Breathing pattern retraining is frequently used for exertional dyspnea relief in adults with moderate to severe chronic obstructive pulmonary disease. However, there is contradictory evidence to support its use. The study objective was to compare 2 programs of prolonging expiratory time (pursed-lips breathing and expiratory muscle training) on dyspnea and functional performance.
A randomized, controlled design was used for the pilot study. Subjects recruited from the outpatient pulmonary clinic of a university-affiliated Veteran Affairs healthcare center were randomized to: 1) pursed-lips breathing, 2) expiratory muscle training, or 3) control. Changes over time in dyspnea [modified Borg after 6-minute walk distance (6MWD) and Shortness of Breath Questionnaire] and functional performance (Human Activity Profile and physical function scale of Short Form 36-item Health Survey) were assessed with a multilevel modeling procedure. Weekly laboratory visits for training were accompanied by structured verbal, written, and audiovisual instruction.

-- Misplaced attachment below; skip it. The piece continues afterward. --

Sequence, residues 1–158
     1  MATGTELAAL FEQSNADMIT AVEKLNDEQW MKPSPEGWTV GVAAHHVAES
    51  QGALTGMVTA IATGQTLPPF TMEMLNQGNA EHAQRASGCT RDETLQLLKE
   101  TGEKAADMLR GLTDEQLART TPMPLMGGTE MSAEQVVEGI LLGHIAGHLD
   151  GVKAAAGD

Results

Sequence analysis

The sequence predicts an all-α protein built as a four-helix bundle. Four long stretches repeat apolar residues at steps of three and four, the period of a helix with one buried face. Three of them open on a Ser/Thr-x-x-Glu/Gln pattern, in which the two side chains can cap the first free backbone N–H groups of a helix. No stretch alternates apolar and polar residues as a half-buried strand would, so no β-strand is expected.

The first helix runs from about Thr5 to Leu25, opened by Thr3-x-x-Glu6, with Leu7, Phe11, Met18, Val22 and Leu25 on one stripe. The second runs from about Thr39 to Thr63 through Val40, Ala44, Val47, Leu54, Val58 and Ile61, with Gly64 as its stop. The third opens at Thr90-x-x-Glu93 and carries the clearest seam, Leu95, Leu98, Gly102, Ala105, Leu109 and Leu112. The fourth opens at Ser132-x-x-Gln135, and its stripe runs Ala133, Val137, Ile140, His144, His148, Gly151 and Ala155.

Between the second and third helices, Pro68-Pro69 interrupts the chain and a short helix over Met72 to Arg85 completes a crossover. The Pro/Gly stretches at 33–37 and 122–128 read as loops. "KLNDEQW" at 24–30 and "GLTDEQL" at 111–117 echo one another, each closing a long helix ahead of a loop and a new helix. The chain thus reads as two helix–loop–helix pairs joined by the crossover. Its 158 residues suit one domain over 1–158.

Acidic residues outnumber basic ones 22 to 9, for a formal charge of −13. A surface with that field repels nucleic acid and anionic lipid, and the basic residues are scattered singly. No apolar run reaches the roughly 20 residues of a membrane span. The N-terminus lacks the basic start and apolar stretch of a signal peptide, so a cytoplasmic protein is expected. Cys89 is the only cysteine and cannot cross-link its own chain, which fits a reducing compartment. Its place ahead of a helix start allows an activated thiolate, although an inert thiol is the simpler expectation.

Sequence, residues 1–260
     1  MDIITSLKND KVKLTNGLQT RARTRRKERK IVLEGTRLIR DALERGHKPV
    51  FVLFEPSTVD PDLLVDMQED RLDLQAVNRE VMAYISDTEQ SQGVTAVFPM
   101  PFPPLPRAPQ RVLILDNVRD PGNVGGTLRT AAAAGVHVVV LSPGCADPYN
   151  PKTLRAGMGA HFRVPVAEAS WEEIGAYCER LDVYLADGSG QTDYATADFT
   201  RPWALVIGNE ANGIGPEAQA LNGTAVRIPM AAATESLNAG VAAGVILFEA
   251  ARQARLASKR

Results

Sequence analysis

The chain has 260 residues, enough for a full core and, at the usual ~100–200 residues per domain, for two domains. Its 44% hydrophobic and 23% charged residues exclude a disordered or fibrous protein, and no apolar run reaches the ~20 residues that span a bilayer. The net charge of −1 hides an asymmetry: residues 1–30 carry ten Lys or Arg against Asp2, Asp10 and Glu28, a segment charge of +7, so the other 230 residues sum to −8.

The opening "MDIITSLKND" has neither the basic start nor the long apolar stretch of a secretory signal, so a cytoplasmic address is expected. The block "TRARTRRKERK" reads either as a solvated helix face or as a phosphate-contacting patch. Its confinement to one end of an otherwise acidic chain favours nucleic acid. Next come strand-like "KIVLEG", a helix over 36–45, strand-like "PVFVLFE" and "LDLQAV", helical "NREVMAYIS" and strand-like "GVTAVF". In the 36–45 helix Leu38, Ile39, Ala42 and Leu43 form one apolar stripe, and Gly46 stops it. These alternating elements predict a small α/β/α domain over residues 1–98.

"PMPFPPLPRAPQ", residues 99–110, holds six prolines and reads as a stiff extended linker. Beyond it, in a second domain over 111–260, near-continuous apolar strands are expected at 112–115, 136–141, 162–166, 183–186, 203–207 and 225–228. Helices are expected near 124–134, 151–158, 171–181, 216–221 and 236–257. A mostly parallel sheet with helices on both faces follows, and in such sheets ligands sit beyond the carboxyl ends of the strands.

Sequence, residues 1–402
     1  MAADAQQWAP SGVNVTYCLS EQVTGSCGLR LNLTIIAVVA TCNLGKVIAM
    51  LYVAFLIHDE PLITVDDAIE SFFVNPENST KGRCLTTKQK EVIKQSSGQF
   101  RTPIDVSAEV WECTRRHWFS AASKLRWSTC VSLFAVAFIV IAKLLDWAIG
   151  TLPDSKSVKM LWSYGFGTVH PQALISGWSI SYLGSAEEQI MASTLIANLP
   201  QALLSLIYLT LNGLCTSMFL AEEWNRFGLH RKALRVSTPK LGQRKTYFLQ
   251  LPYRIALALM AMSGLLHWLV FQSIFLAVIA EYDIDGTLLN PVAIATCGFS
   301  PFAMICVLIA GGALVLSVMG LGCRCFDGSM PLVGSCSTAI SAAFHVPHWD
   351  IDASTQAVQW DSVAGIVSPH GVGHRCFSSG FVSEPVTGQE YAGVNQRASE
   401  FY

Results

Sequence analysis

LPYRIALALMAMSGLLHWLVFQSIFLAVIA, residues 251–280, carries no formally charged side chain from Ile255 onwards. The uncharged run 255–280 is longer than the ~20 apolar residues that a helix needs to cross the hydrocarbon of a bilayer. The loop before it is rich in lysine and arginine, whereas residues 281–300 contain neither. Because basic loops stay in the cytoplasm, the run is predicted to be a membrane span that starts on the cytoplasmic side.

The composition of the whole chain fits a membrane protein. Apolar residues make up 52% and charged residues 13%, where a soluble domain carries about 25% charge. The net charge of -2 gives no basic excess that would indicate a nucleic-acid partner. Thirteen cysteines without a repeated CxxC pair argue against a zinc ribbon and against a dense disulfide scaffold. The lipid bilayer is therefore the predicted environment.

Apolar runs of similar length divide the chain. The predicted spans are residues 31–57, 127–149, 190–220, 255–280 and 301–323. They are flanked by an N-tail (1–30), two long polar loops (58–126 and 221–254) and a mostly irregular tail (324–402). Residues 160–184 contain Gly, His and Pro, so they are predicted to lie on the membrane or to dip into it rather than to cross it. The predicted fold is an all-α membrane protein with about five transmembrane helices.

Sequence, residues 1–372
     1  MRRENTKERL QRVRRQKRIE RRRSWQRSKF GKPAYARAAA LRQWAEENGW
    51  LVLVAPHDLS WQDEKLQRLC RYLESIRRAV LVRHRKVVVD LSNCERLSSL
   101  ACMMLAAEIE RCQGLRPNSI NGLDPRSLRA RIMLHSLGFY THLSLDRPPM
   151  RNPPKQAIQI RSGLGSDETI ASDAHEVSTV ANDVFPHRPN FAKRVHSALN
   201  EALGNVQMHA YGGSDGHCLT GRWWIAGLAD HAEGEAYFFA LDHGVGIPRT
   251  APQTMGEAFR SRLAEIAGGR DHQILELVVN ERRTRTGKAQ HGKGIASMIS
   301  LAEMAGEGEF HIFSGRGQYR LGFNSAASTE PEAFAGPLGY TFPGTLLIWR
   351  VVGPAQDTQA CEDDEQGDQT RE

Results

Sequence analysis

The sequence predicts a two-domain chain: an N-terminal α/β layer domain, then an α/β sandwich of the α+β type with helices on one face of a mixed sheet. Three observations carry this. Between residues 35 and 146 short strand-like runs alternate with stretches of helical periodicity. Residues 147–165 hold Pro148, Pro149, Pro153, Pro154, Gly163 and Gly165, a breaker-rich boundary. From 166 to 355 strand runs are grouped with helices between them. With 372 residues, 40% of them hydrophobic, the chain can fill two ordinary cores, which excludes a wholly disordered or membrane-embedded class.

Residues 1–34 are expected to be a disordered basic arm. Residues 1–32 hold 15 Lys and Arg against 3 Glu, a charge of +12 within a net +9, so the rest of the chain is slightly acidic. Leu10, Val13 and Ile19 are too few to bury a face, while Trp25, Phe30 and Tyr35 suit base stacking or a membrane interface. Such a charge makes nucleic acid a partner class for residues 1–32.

Forty subjects with chronic obstructive pulmonary disease [age = 65 ± 9 (mean ± standard deviation) years, forced expiratory volume 1 second/forced vital capacity % = 46 ± 10, forced expiratory volume 1 second % predicted = 39 ± 13, body mass index = 26 ± 6 kg/m2, inspiratory muscle strength = 69 ± 22 cm H2O, and expiratory muscle strength (PEmax) = 102 ± 29 cm H2O] were enrolled. No significant Group × Time difference was present for PEmax (P = .93). Significant reductions for the modified Borg scale after 6MWD (P = .05) and physical function (P = .02) from baseline to 12 weeks were only present for pursed-lips breathing.
Pursed-lips breathing provided sustained improvement in exertional dyspnea and physical function.
Forty subjects with moderate to severe chronic obstructive pulmonary disease were randomized to pursed-lips breathing, expiratory muscle training, or a control group. The pursed-lips breathing group showed significant reduction at 12 weeks for exertional dyspnea (P = .05) and physical function (P = .02).
From the VA Greater Los Angeles Healthcare System, West Los Angeles Healthcare Center, Los Angeles, Calif (Drs Nield, Soo Hoo, and Roper); University of Hawaii at Mânoa, Honolulu, Hawaii (Dr Nield); and Geffen School of Medicine, University of California, Los Angeles (Drs Soo Hoo and Santiago).
This study was funded in part by Rehabilitation Research Career Development Awards, Department of Veterans Affairs (D2186V, 02907K) and a Clinical Research Grant, American Lung Association (CG-002-N).
Address correspondence to: Margaret A. Nield, PhD, RN, University of Hawaii at Mânoa, 2528 McCarthy Mall, Webster 414, Honolulu, HI 96822 (e-mail: firstname.lastname@example.org).